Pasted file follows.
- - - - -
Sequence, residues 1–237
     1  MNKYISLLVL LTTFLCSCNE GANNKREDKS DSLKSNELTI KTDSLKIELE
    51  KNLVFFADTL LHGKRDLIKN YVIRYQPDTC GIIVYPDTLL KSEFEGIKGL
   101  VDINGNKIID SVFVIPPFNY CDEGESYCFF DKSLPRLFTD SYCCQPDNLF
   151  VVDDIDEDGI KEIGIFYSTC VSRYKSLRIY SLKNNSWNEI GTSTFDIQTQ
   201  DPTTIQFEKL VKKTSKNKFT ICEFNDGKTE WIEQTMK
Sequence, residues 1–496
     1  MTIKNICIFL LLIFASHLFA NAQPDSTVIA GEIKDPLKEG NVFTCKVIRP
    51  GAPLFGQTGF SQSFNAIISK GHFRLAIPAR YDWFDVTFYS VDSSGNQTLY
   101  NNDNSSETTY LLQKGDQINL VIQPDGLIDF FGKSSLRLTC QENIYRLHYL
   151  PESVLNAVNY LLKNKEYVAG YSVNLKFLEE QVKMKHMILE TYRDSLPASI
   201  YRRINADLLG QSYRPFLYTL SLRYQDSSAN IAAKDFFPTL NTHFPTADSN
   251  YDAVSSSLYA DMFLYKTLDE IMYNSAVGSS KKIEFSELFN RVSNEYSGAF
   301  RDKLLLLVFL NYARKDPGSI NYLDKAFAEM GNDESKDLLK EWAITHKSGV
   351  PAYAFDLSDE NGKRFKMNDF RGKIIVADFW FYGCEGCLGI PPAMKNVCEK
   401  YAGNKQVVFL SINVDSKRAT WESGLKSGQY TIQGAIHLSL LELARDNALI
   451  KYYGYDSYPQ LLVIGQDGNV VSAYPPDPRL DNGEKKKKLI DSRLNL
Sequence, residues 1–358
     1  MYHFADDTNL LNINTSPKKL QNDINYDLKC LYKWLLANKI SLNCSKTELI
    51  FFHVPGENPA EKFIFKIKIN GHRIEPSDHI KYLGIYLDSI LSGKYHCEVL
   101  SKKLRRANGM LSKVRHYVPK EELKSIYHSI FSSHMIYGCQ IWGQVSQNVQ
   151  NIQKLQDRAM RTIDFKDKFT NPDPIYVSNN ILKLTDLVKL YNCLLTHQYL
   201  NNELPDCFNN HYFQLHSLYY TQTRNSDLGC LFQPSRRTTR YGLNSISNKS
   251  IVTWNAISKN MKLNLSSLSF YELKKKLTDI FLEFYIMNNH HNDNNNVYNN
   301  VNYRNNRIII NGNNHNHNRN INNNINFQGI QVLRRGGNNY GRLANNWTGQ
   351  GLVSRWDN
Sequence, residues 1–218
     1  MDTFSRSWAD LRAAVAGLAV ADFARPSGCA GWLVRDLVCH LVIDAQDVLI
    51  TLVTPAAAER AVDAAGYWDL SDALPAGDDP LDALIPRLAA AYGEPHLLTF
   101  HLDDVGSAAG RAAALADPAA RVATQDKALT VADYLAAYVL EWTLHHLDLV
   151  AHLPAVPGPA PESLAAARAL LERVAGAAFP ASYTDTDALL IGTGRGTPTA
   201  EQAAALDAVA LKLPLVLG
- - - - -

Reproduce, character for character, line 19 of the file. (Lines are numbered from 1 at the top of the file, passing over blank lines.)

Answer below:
     1  MYHFADDTNL LNINTSPKKL QNDINYDLKC LYKWLLANKI SLNCSKTELI